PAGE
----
What is not to love about the aroma of freshly brewed coffee in the morning? But what most java enthusiasts do not realize is that 44% of the world’s smallholder coffee farmers are currently living in poverty, and 22% live in extreme poverty. The stock of coffee trees is aging, and along with changing climate conditions, the farms’ productivity is threatened and the risk of crop diseases is increased. An outbreak of coffee leaf rust, a fungus that cripples the trees’ productivity, struck many small family farms between 2012 and 2014. Coffee leaf rust caused more than $1 billion in crop losses in Central America, and 1.7 million jobs vanished across Latin America.
Farmers Below the Poverty Line
Even in the best conditions, one-third of farmers earn less than $100 per year from growing coffee, and 60% of the world’s coffee is produced by farmers with less than 12.35 acres of land. Challenges arising from inefficient production methods and profiteering coffee roasting companies make it difficult to earn a living. Of the 12.5 million smallholder coffee farmers worldwide, an estimated 5.5 million exist below the international poverty line.
Coffee farmers face many obstacles, including the low international price for coffee. According to Oxfam, some farmers have little to no power to negotiate with traders and must accept the low prices offered. If farmers process their coffee by removing its outer layer, they can demonstrate their beans’ quality and negotiate a higher price. But if their coffee is sold in its original form, they must settle for a lower price. In Peru, even with semi-processed beans, farmers are still short-changed. And while traders make extra profits for themselves, even larger margins are made by coffee roaster companies in the United States and Europe.
Smallholder Coffee Farmers Need Support
In the Andean region and across Central America, approximately 750,000 smallholder farmers produce coffee and cacao. Often these farmers depend on limited water resources, which are barely enough to grow subsistence crops. Low incomes result in malnutrition, minimal educational opportunities and disease. Quechua-speaking communities as well as Amazonian indigenous communities receive little support from the government, and therefore lack agricultural technology. This dearth of opportunity perpetuates poverty.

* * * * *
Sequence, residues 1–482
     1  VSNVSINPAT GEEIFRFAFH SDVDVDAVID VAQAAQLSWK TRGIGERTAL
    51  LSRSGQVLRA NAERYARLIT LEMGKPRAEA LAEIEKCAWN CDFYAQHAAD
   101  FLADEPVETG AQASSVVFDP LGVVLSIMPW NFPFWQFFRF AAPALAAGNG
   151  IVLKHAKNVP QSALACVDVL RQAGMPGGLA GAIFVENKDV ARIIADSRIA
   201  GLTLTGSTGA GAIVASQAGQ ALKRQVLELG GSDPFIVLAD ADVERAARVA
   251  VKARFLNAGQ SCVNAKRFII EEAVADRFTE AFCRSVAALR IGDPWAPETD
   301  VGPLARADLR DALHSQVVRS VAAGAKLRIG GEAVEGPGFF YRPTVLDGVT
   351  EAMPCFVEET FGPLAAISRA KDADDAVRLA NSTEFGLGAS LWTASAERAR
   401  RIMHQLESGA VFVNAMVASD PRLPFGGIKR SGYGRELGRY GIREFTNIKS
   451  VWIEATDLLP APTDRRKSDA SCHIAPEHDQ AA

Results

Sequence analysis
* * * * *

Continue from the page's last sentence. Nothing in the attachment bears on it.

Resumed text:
Maximizing Opportunities in Coffee and Cacao in the Americas (MOCCA) is working to help smallholder coffee farmers efficiently produce more coffee and cacao. Funded by the United States Department of Agriculture’s Food for Progress Program, MOCCA is carried out by a consortium led by TechnoServe, a non-profit organization operating in 29 countries. MOCCA also partners with World Coffee Research and Lutheran World Relief.
MOCCA’s Initiatives to Aid Smallholder Coffee Farmers
MOCCA is working to improve the lives of over 120,000 coffee farmers in Guatemala, El Salvador, Honduras, Nicaragua, Ecuador and Peru. It enables farmers to make much-needed improvements while addressing the underlying problems that prevent their farms from being profitable.
MOCCA’s goals include:
- Training smallholder farmers to adopt agricultural and business practices that can increase quality, yield, sustainability and profitability. This includes pruning, stumping or replanting unproductive trees, which can dramatically improve a farm’s productivity without expanding its acreage into forest ecosystems.
- Augmenting research, bolstering the sustainability of research initiatives in the region and improving how research findings reach farmers. A regional coffee breeding hub offers a centralized resource to enhance varietal development, along with climate-smart solutions.
- Expanding farmers’ access to pure, healthy genetic planting material for planting, verifying large seed-producing nurseries and giving technical assistance in best production practices.
- Integrating farmers into higher value trading models by working with roasters, processors and private exporters to expand or capture greater market value. Through addressing issues such as supply chain inefficiency, this plan allows farmers to obtain higher profits and reinvest in their farms, while boosting buyers’ local, sustainable supply of higher quality products.
- Mobilizing and collaborating with finance partners, value chain stakeholders and local governments to implement finance mechanisms for the farmers.
- Improving institutional capacity to deliver services that support renovation and rehabilitation. This involves collaborating with coffee and cacao institutions to expand their existing services, or introduce new ones, to support the farmers they serve.
- Strengthening platform support to the coffee and cacao sectors to promote knowledge and technology sharing among sector stakeholders.
In addition, MOCCA works to integrate young people and women into coffee and cacao market systems, so that these systems are more inclusive.
In February 2020, TechnoServe was named the “Origin Charity of the Year” by the National Coffee Association, the leading trade organization for the coffee industry in the United States. This award recognizes the company’s work of supporting smallholder coffee farmers around the world.
– Sarah Betuel